A Queer Pentimento

An ongoing series of sculptural assemblages exploring the altar and reliquary forms combining image and artifact.

ERASURE is a shorthand for the ways in which queer perspectives are silenced; yet like a Pentimento, an otherness emerges through layers of identity. Some of us can’t help but reveal our nature. In my work, obfuscation, abstraction, and the use of ceramics, assemblage, and printmaking are visual strategies and metaphors for my lived experiences.

Ceramic, Drawing, Print, Sculpture

#art  #ceramic  #print  #sculpture

Read more in Aesthetic Polytheism, Visual Thinking, About


Photograph enamel on metal, ceramic, gold, wood, lacquer, variable 70 x 38 x 12 inches


#acrstudio  #andrew cornell robinson  #art  #arts and crafts research studio  #ceramic  #gold  #photograph  #sculpture


2019 Photograph enamel on metal, ceramic, gold, wood, lacquer 70 x 38 x 12 inches

Many of my projects include a parallel process that I use to generate ideas, images and narratives that help me make sense of how I make work. In this case I use character studies or personae which I name and imagine their motivations and desires. I use a persona like Felix (Latin for Lucky) as a means of generating images and language that then intuitively evolve in my drawings, prints, and other works. The persona, in effect becomes a faceted mirror of the world, that I make artifacts and images about and for.

Ceramic, Photograph, Sculpture


Felix (Detail)

Photograph enamel on metal, ceramic, gold, wood, lacquer, variable 70 x 38 x 12 inches

#acrstudio  #andrew cornell robinson  #art  #arts and crafts research studio  #congregationofwits  #print  #silkscreen  #work on paper

Pentimento 15 (Bruno Lenoir)

Tin glazed porcelain, stainless steel, painted wood, silkscreen print on archival paper, 2021, 22.5 x 13 x 9 inches.

This work is paired with Pentimento 16 (Jean Diot). I work intuitively to create forms that cobbletogether stories that are often overlooked or purposefully forgotten. In the case of both Pentimento 15 and 16, there are two different silkscreen prints of sensual male bodies. An artist’s model, whose face is obscured by a rigid structure that is both a phallus, and an obstacle.

I was thinking about the tradition of wedding portraits made to commemorate couples across cultures and through out history. This pair of portrait altars, serves to commemorate a pair of lovers. That sort of celebration seemed more compelling to me, than a lonely plaque marking the site of their murder by their neighbors in 18th century Paris.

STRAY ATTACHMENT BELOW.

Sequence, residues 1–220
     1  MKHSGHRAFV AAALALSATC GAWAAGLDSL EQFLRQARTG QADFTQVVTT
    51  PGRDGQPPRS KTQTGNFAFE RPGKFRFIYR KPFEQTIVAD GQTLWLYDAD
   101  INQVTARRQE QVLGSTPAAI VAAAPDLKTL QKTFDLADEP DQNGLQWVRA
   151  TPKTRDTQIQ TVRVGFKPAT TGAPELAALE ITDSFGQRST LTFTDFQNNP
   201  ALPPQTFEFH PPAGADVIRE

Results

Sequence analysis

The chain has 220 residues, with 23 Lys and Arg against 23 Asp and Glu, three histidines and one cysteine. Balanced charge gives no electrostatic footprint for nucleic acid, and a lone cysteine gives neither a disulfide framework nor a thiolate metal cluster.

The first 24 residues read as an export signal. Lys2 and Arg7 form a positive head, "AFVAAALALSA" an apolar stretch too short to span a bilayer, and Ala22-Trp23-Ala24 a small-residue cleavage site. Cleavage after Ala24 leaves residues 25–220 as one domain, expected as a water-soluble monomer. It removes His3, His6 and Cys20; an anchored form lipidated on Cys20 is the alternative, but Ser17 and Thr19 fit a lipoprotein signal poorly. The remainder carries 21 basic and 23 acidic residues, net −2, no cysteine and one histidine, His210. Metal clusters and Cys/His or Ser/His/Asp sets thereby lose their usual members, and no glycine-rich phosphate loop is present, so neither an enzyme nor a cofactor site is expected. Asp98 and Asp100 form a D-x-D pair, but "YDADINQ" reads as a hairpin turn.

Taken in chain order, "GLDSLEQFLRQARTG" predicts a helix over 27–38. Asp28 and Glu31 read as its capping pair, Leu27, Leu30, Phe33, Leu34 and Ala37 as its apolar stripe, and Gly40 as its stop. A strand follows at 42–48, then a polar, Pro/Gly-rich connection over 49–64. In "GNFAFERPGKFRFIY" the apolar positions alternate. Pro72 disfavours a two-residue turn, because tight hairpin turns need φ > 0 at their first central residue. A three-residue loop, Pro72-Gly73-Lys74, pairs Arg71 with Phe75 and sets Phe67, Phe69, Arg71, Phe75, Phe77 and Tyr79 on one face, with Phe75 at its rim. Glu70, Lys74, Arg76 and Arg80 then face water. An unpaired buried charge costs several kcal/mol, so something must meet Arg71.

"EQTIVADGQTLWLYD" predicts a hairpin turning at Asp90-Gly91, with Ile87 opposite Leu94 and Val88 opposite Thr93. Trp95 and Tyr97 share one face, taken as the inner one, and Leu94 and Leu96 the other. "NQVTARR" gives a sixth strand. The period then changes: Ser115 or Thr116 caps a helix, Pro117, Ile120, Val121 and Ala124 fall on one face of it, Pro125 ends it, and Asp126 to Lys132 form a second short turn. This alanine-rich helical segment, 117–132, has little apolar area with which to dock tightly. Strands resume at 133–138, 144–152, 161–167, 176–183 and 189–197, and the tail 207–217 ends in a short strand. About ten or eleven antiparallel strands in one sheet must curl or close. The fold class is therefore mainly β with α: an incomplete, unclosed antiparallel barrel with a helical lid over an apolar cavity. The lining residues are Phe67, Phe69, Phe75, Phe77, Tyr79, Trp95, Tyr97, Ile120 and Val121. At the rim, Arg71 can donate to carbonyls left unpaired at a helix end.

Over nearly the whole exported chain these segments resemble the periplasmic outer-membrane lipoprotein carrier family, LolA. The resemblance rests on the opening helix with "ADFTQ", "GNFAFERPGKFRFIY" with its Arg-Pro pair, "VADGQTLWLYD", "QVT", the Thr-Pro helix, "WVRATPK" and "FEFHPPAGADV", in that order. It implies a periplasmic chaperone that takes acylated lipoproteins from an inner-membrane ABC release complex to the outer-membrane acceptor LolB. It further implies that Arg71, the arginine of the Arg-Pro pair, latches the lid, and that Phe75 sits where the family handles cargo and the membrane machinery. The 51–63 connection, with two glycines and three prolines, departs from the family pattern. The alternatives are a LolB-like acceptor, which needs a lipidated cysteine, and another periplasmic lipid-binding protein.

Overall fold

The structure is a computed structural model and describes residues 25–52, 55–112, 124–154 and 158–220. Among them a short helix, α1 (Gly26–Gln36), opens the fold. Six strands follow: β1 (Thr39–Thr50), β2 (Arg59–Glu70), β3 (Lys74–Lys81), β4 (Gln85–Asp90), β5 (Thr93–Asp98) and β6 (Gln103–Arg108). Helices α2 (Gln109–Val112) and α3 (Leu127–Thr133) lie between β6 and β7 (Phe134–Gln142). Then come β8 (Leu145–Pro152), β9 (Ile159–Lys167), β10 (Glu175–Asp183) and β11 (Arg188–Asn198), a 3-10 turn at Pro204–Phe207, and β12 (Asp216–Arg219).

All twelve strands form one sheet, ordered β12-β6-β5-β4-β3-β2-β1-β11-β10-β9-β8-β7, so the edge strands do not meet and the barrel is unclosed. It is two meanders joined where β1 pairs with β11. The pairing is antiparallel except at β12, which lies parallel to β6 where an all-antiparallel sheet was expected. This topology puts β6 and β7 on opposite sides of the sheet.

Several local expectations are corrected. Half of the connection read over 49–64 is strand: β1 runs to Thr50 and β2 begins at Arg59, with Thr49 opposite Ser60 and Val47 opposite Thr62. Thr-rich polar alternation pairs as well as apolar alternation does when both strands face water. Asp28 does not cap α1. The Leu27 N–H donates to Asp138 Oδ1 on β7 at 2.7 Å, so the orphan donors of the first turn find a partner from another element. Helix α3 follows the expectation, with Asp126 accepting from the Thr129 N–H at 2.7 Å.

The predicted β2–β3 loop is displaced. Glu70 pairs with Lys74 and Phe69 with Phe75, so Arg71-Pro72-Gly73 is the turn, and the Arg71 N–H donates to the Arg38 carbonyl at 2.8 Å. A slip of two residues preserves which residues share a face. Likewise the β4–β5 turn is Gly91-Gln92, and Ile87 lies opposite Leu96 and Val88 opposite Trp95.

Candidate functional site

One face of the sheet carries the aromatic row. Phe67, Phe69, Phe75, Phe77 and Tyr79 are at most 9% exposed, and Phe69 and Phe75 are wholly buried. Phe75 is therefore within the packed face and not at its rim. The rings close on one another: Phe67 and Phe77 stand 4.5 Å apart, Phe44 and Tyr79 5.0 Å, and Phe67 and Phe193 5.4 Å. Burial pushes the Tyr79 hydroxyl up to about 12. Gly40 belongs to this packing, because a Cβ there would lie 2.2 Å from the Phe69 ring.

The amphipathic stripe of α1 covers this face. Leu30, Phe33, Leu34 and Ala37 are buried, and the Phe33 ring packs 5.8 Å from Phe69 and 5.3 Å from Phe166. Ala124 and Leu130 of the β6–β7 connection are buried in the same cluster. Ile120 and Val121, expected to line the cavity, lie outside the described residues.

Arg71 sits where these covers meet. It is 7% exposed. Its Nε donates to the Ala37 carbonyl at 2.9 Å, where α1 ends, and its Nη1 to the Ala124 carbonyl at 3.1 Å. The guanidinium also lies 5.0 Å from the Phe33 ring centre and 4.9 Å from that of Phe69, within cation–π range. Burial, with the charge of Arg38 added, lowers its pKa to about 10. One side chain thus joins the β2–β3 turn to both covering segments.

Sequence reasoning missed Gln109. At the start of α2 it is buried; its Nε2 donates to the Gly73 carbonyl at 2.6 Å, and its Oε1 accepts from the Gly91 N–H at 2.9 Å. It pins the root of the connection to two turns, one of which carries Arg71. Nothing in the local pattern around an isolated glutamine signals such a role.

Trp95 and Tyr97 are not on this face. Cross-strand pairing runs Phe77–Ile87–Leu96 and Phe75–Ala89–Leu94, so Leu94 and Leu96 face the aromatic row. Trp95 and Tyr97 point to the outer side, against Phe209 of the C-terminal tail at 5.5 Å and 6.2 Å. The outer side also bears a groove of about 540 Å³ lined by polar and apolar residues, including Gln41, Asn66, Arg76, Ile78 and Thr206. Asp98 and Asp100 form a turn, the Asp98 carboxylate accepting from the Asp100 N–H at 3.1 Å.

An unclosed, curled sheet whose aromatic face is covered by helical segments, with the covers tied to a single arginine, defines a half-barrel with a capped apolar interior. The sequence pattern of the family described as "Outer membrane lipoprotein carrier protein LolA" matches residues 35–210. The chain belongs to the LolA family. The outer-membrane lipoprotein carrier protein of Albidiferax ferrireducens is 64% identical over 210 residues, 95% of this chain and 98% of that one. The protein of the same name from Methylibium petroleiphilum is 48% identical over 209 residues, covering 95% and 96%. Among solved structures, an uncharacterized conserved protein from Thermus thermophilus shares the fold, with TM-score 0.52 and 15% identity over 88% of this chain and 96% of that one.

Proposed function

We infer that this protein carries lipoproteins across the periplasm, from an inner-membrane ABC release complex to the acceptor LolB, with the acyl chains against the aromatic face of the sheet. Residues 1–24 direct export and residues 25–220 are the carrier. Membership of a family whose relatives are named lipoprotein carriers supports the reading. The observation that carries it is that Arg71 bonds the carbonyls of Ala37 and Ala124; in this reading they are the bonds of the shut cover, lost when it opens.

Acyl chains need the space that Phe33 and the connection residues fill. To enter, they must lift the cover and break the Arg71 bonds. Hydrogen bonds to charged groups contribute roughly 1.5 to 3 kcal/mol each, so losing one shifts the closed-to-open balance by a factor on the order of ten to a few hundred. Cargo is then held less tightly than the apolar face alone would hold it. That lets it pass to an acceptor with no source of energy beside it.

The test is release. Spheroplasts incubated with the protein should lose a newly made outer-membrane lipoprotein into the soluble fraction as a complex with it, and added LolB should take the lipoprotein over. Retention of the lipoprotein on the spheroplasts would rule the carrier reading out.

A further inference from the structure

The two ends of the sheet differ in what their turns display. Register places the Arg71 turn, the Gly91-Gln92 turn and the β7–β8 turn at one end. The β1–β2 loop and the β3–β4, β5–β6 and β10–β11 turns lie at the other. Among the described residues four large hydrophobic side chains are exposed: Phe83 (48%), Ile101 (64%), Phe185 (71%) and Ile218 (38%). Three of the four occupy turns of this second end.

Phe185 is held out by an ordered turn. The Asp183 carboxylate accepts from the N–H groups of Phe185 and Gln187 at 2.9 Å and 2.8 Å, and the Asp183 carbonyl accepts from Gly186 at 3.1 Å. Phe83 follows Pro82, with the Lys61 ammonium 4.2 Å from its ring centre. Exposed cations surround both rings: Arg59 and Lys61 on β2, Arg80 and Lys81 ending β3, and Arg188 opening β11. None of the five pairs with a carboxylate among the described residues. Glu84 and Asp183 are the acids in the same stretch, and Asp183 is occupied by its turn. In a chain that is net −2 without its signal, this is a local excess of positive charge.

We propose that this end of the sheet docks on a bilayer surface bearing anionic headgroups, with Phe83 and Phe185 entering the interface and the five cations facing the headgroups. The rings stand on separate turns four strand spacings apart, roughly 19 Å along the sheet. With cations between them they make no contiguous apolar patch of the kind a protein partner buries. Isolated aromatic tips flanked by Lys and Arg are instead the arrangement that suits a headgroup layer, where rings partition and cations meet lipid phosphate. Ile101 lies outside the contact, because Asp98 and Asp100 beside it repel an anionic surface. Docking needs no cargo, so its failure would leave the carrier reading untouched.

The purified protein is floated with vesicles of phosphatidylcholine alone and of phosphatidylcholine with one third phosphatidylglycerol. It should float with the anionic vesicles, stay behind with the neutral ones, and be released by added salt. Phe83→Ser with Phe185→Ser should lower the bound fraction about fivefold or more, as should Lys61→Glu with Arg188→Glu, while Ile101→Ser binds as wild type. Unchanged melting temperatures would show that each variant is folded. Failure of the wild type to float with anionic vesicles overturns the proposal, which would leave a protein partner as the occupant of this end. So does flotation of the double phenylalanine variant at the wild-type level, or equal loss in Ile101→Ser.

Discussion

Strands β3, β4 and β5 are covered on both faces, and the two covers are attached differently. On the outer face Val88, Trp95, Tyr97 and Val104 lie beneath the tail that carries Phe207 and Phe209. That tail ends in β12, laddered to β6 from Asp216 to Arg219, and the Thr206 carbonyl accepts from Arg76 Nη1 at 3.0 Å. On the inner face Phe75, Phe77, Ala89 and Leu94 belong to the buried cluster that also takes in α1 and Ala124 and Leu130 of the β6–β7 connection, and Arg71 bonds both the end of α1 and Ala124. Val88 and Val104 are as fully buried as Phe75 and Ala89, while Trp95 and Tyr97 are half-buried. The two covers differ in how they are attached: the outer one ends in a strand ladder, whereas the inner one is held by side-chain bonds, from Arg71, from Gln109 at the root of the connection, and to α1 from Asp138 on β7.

Ceramic, Print, Sculpture

Pentimento 21 (Patroclus Sleeping)

Tin glazed stoneware modeled after a glaze recipe first used in Persia 800 CE, silkscreen print on archival paper mounted to a sheet of tin and wrapped around the ceramic bust. 2021. 26 x 16 x 16 inches

I was inspired by the publication Song of Achiellies by Madeline Miller, which led me to read the Illiad, and consider the intimate relationship between Patroclus and Achilles. The historical erasure of intimacy between them is an example of how history is written by those in power. In the LGBTQ community there are too few artists who survive to be elders. The real queer coming of age is recovering ones histories; first as a viewer finding ourselves, then as a participant in the production of culture. We enfold queer traces into our creations, into our memories so we can pass them on. I made this bust of Patroclus sleeping, with a print on paper mounted to a sheet of tin draped over the face. It is an allusion to the grieving of Achiellies over his dead lover.

Ceramic, Print, Sculpture


Pentimento 11 (Wrestling with Pasquino)

Stoneware and earthenware slip harvested from a river bed in Haiti, silkscreen print on archival paper mounted to a sheet of tin and wrapped around the ceramic bust. 2021

Since the 16th century, people have been posting provocative political messages on a group of five Roman sculptures known as the Talking Statues. While doing research in Rome, I stumbled upon the first of these known as Pasquino. This third-century BCE Hellenistic statue was excavated and placed near Piazza Navona. In cover of night, people would paste messages satirizing the oppressive papal government. This tradition of public satire papering over these five statues continues to this day. Known as the Congregation of Wits, the statues act as places for public dialogue. It reminds me of how monuments today, are being contested, papered over, and in some cases removed, as an expression of the people. I made this bust using clay I harvested from a river bed in Haiti and then created a silkscreen print of wrestling bodies, printed onto archival paper, mounted on tin and wrapped around the face.

Ceramic, Print, Sculpture